I also think Philly's tallest modern buildings are a bit safe/conservative and would like to add a couple to jazz things up a bit:

Turning Torso (Sweden)
The Shard (London)
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  #27  
Old Posted Sep 6, 2017, 4:09 PM
homebucket homebucket is online now
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For SF:

Shanghai Tower - Shanghai
Taipei 101 - Taipei
Bank of America Tower - NYC
John Hancock Center - Chicago
The Shard - London
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  #28  
Old Posted Sep 7, 2017, 7:21 AM
nw290 nw290 is offline
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Quote:
Originally Posted by JManc View Post
For Houston...

Tomorrow Square (Beijing)
Terminal Tower (Cleveland)
Trump (Chicago)
Woolworth (New York)
BoA (Atlanta) *placed near Transco/ Williams in Uptown area since they have similar height and massing.
nice choices...
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  #29  
Old Posted Jul 7, 2018, 3:34 PM
sixo1 sixo1 is offline
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For Chicago, I would add these 5:

Bank of China Tower - Hong Kong (location: Randolph and Franklin)

Source: wikipedia.org

American Radiator Building - New York City (location: 830 South Michigan Avenue)

Source: wikipedia.org

Palacio Salvo - Montevideo (location: North Water and Columbus)

Source: wikipedia.org

Mode Gakuen Cocoon Tower - Tokyo (location: Harrison and State)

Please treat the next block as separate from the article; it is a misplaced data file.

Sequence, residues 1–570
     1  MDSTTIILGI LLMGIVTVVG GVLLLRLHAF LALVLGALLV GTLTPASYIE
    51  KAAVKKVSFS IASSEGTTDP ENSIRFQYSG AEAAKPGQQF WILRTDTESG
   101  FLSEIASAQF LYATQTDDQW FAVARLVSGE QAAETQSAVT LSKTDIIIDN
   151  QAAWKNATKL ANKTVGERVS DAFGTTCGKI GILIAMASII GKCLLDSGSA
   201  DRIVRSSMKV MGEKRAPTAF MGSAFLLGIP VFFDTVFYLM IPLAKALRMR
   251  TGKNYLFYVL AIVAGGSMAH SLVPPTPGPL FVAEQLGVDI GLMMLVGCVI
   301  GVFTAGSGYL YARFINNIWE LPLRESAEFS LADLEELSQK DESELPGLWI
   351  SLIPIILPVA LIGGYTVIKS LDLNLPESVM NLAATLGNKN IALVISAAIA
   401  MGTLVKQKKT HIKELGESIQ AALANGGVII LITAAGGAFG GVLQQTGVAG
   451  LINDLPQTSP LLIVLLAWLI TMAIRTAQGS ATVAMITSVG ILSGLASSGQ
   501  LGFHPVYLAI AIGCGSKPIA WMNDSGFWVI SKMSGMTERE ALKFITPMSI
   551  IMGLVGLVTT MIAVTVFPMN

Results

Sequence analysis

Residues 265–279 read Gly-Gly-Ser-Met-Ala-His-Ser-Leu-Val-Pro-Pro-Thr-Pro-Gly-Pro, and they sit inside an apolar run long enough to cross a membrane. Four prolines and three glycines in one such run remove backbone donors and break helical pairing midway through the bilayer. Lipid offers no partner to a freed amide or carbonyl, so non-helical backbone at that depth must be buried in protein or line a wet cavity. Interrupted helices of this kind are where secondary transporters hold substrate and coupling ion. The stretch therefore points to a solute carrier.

Source: wikipedia.org

Absolute World - Mississauga (location: Roosevelt and Wells)

Source: wikipedia.org
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Last edited by sixo1; Jul 7, 2018 at 11:00 PM.
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  #30  
Old Posted Jul 7, 2018, 3:59 PM
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For Philadelphia:

Chicago - One Chicago Square (Put it in the Disney Hole)

Baltimore - Commerce Place (6th and Arch, right on Independence Mall)

San Francisco - 181 Fremont (19th and Arch, diagonal from Comcast Technology Center)

New York - 60 Wall Street (18th and Chestnut, where there are low-rises)

Des Moines - 801 Grand (16th and Arch, where the ugly building is)
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  #31  
Old Posted Jul 8, 2018, 3:19 AM
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HomrQT HomrQT is offline
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For Chicago:

1. From NYC - Woolworth Building


2. From Cincinnati - Carew Tower


3. From Pittsburgh - Cathedral of Learning:


4. From Detroit - Book Tower


5. From Boston - Custom House
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  #32  
Old Posted Jul 8, 2018, 12:01 PM
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Fort Worth's skyline is relatively small, so I don't want to overwhelm it.

1. Gonna steal volguus's idea of 111 Westminster. Many of FW's prewar skyscrapers are beautiful, but simple box shapes. We could use some setbacks and spires. It's it right in.

2. We have a lot of zig-zag moderne art deco, but none of them are blue. So, give me LA's Eastern Columbia Building. Would be another nice pinnacle to the prewar skyline.

3. Milwaukee City Hall. Absolute landmark and I want it. The world needs more Flemish Revival.

4. Fort Worth lacks really any international Mies style or Pomo skyscrapers. So I'd go for a twofer here and select Houston's Pennzoil Place, would add some nice bulk to the skyline and certainly stand out, without being overly massive. Beautiful lobby too.

5. Can we include unbuilts? If so, I'd take Nashville's never built Signature Tower. A stunning crown and would easily be the new tallest and would really live up to it's name.